Why so impossible? Because this short list is where every high-achieving teenager in every U.S. city (and around the world) applies every year. And every year, these universities will reject 90 percent of applicants, despite their top scores, stellar transcripts, and packed resumes.
Take last fall’s applicants to Harvard University: an applicant pool of 34,302, including 3,800 students ranked No. 1 in their class. Harvard accepted five percent or 2,032, of applicants (and not all of them ranked top of their class, mind you).
“Four kids on my street applied to Harvard. There’s only 20 houses,” notes Emma Freer, a recent graduate of Laurel School in Shaker Heights, Ohio.
There are two ways to respond to this bottom line. One, you can pressure your teenager to be extraordinary academically and otherwise, all the while acknowledging the slim margin of victory. This path might lead to Harvard, but it will more likely lead to anxiety and depression. Or it may just make your teenager check out of academics altogether. And many students do once they realize they can’t meet the near impossible admissions requirements of the most elite colleges.
Alternatively, you can look at other options.
“If you are willing to cast a wider net, then finding the best colleges for you is truly not as hard as everybody makes out,” says Lynn O’Shaugnessy, author of the bestselling book, The College Solution: A Guide for Everyone Looking for the Right College at the Right Price.
“You don’t have to kill yourself with excess AP classes or a million extracurricular activities,” she adds. “It starts with identifying the great schools. Parents think there are just two- or three-dozen schools that are worth applying to. That’s just not the case.”
Indeed, do your homework and you’ll discover that there are many selective colleges and universities that accept anywhere from 20 percent, to 50 percent or more of its applicants.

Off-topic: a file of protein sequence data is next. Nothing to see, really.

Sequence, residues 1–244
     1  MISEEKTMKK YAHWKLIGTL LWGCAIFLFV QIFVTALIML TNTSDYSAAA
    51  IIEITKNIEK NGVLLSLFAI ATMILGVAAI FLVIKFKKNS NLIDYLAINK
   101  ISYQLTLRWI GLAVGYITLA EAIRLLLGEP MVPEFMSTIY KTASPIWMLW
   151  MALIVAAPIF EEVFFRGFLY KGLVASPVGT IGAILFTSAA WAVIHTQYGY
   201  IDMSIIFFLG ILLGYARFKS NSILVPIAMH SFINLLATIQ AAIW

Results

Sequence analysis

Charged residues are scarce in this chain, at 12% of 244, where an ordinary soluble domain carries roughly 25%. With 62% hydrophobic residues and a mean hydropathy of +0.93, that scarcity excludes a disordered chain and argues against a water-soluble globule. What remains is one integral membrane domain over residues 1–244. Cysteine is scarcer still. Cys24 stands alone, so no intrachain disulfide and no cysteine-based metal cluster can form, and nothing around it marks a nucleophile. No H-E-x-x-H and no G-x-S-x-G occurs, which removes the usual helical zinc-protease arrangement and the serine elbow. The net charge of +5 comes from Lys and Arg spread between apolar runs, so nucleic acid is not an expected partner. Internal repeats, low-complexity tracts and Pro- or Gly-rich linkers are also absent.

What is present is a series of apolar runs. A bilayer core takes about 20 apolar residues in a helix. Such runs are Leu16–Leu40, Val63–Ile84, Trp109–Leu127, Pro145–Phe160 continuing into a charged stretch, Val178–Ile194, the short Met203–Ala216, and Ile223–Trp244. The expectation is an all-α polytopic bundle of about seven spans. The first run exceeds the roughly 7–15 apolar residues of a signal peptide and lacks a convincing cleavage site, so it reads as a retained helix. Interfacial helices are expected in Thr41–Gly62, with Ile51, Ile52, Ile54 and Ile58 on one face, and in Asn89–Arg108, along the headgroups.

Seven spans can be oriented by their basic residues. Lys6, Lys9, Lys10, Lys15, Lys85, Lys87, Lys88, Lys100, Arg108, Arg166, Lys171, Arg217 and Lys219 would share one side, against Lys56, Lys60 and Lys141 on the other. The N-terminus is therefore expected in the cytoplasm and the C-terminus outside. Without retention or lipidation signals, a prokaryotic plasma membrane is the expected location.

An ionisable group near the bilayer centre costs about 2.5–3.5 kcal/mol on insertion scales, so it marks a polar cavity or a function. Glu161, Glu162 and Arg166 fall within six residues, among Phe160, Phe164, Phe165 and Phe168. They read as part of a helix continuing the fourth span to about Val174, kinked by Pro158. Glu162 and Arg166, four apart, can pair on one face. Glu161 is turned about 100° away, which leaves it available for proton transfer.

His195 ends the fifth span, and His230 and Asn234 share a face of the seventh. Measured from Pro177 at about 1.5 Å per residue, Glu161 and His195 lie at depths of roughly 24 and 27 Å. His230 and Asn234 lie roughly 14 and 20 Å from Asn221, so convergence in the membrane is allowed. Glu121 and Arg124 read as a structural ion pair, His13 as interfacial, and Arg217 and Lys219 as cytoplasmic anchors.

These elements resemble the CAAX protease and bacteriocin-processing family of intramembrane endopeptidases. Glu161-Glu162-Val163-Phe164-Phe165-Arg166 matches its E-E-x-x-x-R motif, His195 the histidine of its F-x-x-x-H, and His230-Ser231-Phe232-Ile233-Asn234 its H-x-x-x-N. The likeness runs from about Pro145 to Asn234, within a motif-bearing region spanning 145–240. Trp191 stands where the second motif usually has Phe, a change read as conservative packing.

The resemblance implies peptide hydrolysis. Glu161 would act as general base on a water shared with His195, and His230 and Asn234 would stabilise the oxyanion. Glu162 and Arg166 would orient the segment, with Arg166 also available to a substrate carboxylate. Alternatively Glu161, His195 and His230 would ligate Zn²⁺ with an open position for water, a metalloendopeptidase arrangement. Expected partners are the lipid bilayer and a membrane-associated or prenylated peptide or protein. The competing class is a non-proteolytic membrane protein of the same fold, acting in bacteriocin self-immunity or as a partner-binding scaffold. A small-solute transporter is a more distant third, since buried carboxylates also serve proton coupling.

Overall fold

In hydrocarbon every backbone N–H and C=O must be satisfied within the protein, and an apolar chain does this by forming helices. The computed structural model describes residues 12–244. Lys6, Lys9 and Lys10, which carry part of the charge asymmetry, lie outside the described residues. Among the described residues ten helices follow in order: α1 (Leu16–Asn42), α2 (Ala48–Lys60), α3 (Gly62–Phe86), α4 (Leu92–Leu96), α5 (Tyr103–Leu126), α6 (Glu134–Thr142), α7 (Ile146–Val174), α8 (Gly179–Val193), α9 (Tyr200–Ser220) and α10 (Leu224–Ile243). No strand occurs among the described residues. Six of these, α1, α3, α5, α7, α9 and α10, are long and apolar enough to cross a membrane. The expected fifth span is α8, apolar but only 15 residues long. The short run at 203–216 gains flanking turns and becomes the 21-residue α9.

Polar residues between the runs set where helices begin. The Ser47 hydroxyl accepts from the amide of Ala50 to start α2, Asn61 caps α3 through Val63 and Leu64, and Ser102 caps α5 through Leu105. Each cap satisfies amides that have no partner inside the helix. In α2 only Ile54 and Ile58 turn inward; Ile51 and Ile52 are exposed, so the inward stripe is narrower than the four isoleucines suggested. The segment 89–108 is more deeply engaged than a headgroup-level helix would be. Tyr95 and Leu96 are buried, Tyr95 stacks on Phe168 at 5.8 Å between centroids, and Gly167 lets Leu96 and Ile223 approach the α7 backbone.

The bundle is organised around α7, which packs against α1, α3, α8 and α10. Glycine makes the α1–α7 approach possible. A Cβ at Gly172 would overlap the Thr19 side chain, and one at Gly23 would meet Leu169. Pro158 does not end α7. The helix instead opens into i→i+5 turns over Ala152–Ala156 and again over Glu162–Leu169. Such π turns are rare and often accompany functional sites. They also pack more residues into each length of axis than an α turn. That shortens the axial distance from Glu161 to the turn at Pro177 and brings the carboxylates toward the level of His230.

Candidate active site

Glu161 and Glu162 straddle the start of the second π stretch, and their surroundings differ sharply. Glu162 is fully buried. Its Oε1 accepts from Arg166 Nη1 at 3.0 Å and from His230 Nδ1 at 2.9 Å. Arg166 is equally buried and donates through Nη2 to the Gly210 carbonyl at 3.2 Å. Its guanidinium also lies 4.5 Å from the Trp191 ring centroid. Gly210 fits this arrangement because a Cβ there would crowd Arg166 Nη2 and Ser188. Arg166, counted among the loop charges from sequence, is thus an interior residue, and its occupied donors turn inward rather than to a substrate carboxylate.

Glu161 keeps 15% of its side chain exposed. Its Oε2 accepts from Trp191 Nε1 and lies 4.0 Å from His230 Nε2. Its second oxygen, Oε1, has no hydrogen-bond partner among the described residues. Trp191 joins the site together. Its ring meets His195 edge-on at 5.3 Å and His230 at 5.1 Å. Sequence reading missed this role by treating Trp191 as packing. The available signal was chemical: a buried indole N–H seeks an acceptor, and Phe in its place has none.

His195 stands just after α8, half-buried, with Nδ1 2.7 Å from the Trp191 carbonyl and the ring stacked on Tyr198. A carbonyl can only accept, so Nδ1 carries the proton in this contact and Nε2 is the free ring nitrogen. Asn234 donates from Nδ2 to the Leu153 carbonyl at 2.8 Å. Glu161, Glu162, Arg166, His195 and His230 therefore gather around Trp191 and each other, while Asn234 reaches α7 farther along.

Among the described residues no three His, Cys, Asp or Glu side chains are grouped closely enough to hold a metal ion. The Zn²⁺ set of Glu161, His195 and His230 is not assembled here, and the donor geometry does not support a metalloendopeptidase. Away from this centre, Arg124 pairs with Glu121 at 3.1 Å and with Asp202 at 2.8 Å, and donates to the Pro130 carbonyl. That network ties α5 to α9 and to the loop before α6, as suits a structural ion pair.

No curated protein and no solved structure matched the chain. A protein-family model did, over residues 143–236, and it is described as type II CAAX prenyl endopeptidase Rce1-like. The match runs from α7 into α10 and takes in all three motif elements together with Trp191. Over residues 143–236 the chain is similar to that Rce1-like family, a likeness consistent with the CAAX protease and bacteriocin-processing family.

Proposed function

That’s not to say that if you have an academically gifted student, he shouldn’t apply to an über-elite institution. But, be realistic about your teenager’s prospects of landing a spot (again, slim-to-none for even the most talented). And, understand that applying to more of these schools doesn’t increase the odds.
“Applying to all the Ivies will not help your chances of getting in,” O’Shaugnessy stresses.
So, look beyond the US News rankings. Make sure your teenager’s list includes some of the many stellar schools that are not Brand Name U. The upside: Your student will gain admission to a wonderful university—with a lot less stress—and may also land a hefty package of merit aid, money that chart-topping schools don’t offer (because they don’t have to).
2. Trim extracurricular activities
If you’re like many parents, especially in affluent neighborhoods, you’ve spent a lot of time shuttling your teenager from one extracurricular activity to another.
So, on a scale of 1-10, where would you rank the importance of extracurriculars in college acceptance? A “3” or “4?”
Try “11.” That’s right, extracurricular activities don’t even make the top 10, according to the 2012 State of College Admission Report from the National Association for College Admissions Counseling.
“The extracurricular resume is only important for a few schools,” notes Kris Hintz, founder of PositionU4College in Basking Ridge, New Jersey. “But, I think a lot of parents have gleaned from the media that this applies to every college and it doesn’t.”
Ironically, extraccuriculars matter the most to the handful of elites that reject 90 percent of all applicants. And, they aren’t looking for a laundry list. “They’re looking for very deep, very high accomplishment,” Hintz explains.